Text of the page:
Kdm3a lysine demethylase is an Hsp90 client required for cytoskeletal rearrangements during spermatogenesis

Ioannis Kasioulis, Heather M. Syred, Peri Tate, Andrew Finch, Joseph Shaw, Anne Seawright, Matthew Alexander Fuszard, Catherine H. Botting, Sally Shirran, Ian R. Adams, Ian J. Jackson, Veronica van Heyningen, Patricia L. Yeyati*

*Corresponding author for this work

Research output: Contribution to journalArticlepeer-review

21 Citations (Scopus)
3 Downloads (Pure)

Abstract

The lysine demethylase Kdm3a (Jhdm2a, Jmjd1a) is required for male fertility, sex determination, and metabolic homeostasis through its nuclear role in chromatin remodeling. Many histone-modifying enzymes have additional nonhistone substrates, as well as nonenzymatic functions, contributing to the full spectrum of events underlying their biological roles. We present two Kdm3a mouse models that exhibit cytoplasmic defects that may account in part for the globozoospermia phenotype reported previously. Electron microscopy revealed abnormal acrosome and manchette and the absence of implantation fossa at the caudal end of the nucleus in mice without Kdm3a demethylase activity, which affected cytoplasmic structures required to elongate the sperm head. We describe an enzymatically active new Kdm3a isoform and show that subcellular distribution, protein levels, and lysine demethylation activity of Kdm3a depended on Hsp90. We show that Kdm3a localizes to cytoplasmic structures of maturing spermatids affected in Kdm3a mutant mice, which in turn display altered fractionation of beta-actin and gamma-tubulin. Kdm3a is therefore a multifunctional Hsp90 client protein that participates directly in the regulation of cytoskeletal components.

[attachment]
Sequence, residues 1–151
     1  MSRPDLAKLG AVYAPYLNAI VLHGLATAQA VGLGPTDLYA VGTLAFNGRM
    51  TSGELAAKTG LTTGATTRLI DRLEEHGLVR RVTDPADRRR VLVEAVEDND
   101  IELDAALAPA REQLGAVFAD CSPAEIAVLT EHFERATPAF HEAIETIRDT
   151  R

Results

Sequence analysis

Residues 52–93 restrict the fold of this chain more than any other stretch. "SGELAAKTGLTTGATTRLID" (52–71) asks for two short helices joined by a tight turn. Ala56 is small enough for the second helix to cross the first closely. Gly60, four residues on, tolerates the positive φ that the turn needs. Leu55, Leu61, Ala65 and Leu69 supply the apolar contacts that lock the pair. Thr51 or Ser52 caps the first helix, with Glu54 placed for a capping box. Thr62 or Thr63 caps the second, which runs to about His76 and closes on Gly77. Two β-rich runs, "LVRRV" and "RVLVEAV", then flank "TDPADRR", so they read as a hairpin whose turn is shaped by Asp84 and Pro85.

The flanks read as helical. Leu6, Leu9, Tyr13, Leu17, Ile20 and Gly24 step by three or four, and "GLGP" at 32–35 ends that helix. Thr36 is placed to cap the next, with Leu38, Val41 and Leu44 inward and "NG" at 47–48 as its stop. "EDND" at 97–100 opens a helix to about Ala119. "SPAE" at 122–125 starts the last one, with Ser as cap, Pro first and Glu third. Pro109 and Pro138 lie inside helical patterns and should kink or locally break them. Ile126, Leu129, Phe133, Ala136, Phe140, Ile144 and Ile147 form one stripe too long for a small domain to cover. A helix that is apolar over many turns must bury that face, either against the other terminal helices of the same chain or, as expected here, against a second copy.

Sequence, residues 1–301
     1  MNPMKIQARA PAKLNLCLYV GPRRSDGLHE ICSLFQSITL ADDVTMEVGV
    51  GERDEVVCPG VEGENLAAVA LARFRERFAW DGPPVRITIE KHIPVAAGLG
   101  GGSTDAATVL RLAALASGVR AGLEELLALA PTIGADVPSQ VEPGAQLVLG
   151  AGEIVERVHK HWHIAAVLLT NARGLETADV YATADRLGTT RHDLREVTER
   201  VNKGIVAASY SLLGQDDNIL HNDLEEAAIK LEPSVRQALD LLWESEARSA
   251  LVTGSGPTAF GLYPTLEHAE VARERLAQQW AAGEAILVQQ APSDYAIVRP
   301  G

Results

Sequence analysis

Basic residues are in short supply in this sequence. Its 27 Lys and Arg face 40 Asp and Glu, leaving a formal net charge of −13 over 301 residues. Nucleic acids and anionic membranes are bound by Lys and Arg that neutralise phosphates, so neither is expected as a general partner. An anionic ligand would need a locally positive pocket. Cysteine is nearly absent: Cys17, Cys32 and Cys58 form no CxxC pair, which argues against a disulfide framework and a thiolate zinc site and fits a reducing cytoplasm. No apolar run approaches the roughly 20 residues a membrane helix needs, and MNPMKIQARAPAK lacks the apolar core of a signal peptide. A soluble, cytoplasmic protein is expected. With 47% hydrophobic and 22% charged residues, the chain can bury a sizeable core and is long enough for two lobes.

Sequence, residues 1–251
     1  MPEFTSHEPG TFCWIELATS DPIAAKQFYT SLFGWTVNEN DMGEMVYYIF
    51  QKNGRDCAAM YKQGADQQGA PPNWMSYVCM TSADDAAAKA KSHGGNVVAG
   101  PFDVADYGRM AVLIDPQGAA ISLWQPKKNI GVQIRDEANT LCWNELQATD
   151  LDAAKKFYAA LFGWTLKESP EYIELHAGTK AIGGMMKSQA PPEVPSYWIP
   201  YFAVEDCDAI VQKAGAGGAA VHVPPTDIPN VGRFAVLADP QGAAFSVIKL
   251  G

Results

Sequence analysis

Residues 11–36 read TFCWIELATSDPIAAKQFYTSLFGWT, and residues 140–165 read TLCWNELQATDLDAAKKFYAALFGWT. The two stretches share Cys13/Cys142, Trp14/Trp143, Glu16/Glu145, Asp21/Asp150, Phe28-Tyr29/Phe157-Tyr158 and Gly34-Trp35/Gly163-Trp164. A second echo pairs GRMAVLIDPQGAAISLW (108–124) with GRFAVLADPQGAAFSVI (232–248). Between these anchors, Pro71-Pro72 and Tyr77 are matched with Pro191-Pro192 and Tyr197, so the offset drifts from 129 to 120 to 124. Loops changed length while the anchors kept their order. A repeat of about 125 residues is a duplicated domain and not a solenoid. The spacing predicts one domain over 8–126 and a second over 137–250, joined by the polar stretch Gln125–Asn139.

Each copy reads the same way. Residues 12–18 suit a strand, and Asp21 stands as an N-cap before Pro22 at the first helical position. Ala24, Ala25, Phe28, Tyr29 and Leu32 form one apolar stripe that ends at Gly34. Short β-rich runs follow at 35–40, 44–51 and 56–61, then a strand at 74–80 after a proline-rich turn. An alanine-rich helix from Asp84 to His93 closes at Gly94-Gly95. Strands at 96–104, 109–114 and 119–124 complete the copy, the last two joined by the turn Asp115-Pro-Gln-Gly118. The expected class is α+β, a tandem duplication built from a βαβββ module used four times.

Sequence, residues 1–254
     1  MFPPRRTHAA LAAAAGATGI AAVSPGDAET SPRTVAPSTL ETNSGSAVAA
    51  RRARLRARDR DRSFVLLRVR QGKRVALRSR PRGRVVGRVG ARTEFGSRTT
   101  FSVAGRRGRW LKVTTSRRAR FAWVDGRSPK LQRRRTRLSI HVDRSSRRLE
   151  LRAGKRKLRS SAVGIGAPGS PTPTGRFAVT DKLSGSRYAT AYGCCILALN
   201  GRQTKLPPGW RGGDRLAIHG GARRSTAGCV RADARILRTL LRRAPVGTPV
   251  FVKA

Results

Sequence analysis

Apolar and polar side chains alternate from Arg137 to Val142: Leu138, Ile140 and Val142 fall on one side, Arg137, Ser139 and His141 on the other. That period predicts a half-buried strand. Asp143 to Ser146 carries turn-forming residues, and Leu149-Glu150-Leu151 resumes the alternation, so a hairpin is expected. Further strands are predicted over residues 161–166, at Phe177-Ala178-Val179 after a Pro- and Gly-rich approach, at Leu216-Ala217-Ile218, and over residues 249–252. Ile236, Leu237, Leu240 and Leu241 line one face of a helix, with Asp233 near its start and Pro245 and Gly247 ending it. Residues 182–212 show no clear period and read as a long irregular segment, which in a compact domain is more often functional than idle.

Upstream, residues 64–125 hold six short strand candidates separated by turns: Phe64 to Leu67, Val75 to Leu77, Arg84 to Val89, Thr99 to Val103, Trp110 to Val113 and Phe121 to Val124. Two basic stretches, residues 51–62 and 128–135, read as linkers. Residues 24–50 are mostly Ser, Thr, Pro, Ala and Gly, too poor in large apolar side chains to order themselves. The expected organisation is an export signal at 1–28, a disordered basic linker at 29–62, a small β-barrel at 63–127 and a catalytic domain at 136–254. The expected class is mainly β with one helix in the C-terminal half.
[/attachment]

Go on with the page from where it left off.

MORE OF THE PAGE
Original languageEnglish
Pages (from-to)1216-1233
Number of pages18
JournalMolecular Biology of the Cell
Volume25
Issue number8
DOIs
Publication statusPublished - 15 Apr 2014

Keywords

  • Histone demethylase
  • Gene-expression
  • In-vivo
  • Epigenetic regulation
  • Cell-proliferation
  • Spermatid head
  • Stem-cells
  • Jmjd1a
  • Actin
  • Jhdm2a

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